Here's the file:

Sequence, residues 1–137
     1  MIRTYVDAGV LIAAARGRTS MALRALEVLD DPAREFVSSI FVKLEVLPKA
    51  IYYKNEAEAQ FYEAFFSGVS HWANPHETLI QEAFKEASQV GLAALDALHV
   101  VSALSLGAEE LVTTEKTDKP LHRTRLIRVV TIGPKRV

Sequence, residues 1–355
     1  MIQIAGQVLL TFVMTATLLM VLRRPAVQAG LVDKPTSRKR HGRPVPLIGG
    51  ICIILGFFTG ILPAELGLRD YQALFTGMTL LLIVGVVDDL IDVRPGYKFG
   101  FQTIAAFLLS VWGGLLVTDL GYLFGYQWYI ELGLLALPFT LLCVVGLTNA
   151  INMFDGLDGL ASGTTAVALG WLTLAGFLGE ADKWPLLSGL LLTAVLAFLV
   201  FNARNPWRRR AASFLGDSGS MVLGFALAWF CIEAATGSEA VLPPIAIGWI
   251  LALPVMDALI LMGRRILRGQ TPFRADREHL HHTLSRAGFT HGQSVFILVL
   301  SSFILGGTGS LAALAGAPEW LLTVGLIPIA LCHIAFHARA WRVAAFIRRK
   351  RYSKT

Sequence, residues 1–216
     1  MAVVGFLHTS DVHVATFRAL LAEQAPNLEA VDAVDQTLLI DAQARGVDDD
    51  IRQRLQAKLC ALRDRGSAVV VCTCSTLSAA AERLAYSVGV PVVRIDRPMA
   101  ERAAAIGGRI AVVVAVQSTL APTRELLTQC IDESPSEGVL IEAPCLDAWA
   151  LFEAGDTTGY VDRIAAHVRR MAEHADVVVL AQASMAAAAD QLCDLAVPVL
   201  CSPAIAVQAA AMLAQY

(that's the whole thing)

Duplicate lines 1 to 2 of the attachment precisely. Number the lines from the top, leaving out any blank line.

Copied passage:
Sequence, residues 1–137
     1  MIRTYVDAGV LIAAARGRTS MALRALEVLD DPAREFVSSI FVKLEVLPKA